It receives a list of bitset objects, ORs them together and returns the resulting bitset. This method is very slow, mainly because of the loop that runs through each bitset object. I clone the first bitset to not to affect original. Do you see anything wrong with this approach and is there a faster alternative to achieve the same result?
I don't see any point to the clone() method there. None of the data in bitSets is ever modified directly in your code. Only residualBitSet is being changed. There's nothing special about the first element. You might as well simplify and skip the unnecessary clone():
This code also fixes another potential issue in your code - using list.get(i) in a loop. This will work fine for an ArrayList, but can be very poor for a large LinkedList. Do you know which it is? In general you're best off avoiding this issue entirely by using an Iterator any time you need to iterate a list. That's what the new for loop does for you automatically.
Aside from these issues, I don't see anything wrong with the code. How long does it take to run? How many BitSets are in the list, and how many bits do they have, generally?
One other optimization you could do is to use multiple threads. This will probably only help if you have multiple processors, but it's something. For example, if you have five processors, and 10000 BitSets to or together, you could create a thread pool with five threads, and give each one 2000 BitSets to or. Then you or together the five resulting BitSets into one final result. It doesn't really matter what order the bits are ored together; the result should be the same
Joined: Jul 10, 2008
Thanks Mike for pointing out few issues with code. You are right, cloning is not required. Actually I have a similar method for AND operation, where I guess cloning is required at the beginning. But in this code not, you are right.
Multithreading will make the whole thing more complicated, especially because this code is part of server side code of a web app. I just noticed that for loop takes like half a second roughly for ORing 5000 bitsets of 100 bits each. I was hoping for a single java-provided method to play with whole collection, instead of running a loop.
The first thing I'd do is check for an existing standard bitset class. If not, I'd be strongly tempted to write a Native class myself.
I don't do native code lightly. It usually isn't necessary. But this is a case where you can use simple machine instructions to test and set bits at the machine-word level instead of extracting each bit and operating on it separately. Plus, modern processors may further optiimize tight word-logic loop in the pipeline.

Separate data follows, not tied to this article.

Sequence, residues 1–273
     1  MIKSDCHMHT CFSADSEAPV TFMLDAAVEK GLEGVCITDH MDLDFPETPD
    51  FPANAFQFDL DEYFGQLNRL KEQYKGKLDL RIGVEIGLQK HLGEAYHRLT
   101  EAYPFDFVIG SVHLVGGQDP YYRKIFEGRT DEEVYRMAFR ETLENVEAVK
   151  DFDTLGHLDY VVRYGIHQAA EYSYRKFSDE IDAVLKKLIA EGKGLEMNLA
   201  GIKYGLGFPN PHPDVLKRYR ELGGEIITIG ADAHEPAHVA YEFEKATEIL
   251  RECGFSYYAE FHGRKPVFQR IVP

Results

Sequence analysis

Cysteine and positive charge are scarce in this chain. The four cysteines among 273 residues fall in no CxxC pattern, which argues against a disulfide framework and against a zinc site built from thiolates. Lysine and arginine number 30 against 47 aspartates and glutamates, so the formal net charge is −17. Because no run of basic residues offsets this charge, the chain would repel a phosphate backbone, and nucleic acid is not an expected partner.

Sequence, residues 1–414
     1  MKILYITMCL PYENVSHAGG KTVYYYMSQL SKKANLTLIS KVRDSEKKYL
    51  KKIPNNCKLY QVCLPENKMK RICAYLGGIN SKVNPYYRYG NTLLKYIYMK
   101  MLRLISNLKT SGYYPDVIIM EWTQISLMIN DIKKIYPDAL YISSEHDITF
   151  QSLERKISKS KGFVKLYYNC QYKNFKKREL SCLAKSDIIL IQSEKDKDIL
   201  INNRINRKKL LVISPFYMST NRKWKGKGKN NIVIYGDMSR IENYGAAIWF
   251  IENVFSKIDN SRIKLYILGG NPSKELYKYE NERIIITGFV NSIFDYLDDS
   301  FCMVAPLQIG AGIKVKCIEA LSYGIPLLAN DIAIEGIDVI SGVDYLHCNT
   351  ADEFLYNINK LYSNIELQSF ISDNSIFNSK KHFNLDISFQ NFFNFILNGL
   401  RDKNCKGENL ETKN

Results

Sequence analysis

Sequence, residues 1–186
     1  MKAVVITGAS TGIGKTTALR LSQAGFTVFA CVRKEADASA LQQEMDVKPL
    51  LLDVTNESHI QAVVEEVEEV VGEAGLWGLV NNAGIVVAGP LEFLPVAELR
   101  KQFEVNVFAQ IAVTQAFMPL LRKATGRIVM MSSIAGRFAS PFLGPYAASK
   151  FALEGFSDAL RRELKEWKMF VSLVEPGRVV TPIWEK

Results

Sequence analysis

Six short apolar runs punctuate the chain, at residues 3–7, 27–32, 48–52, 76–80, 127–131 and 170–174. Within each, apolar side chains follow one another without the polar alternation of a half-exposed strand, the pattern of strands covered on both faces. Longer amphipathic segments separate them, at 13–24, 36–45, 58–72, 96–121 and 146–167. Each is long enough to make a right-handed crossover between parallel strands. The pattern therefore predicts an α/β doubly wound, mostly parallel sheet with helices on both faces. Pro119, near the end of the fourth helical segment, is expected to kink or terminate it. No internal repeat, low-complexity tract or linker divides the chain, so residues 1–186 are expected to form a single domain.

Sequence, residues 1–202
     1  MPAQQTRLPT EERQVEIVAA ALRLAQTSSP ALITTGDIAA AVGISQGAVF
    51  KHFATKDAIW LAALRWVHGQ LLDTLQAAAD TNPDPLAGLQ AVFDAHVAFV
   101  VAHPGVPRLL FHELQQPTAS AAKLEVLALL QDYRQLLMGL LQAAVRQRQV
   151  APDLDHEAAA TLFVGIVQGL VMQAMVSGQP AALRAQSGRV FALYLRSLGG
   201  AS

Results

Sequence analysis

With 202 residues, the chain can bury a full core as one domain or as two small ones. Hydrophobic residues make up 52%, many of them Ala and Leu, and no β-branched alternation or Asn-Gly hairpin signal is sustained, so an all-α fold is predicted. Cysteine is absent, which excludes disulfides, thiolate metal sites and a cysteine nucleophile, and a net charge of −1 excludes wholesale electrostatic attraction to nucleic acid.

But that kind of operation is just common enough that I'd first look around for an existing implementation before breaking out the assembler or C compiler.
An IDE is no substitute for an Intelligent Developer.
Joined: Mar 05, 2008
Tim Holloway wrote:The first thing I'd do is check for an existing standard bitset class.
Varun Chopra wrote:I was hoping for a single java-provided method to play with whole collection, instead of running a loop.
Well, BitSet is already taking care of one loop for you, because you don't need to OR each bit individually. It loops over all of them. Internally, it optimizes this by storing the bits as an array of longs, looping over the longs, and doing a bitwise OR of each long. That's roughly equivalent to Tim's "use simple machine instructions to test and set bits at the machine-word level instead of extracting each bit and operating on it separately". If you're on a 32-bit machine, then doing it with ints might be faster, but not by a lot, I think.
Are these BitSets completely unique each time you get a request? Or is there a way to cache results from previous computations?
This is the best way to go. The JVM implementors probably optimized for the hardware. Sometimes that may work best per-bit, sometimes per-word, sometimes it may depend. The IBM System/370 had memory-to-memory bit operations, but on some models, fetching (32-bit) words and doing register-to-memory operations might have been faster, providing the data was properly aligned in RAM (so that the entire data bus was employed). However, even there you might have seen some cases where one approach outperformed another. Modern-day CPUs can optimize at the pipeline level, so predicting performance gets less obvious.
The java.util.BitSetmodus operandi is a 2-address model, where the source gets modified instead of producing a distinct output. However, since it's a core class, I wouldn't be surprised to find some of the JIT compilers optimizing a clone+and (or or, xor) into a 3-operand machine instruction operation on hardware where that's supported.
There are just such an incredibly large number of evil optimizations that can be done. That's why running metrics is so important!
Joined: Jul 10, 2008
Thanks for reply my friends......I guess for now I will have to be content with what java provides. Thanks for your time.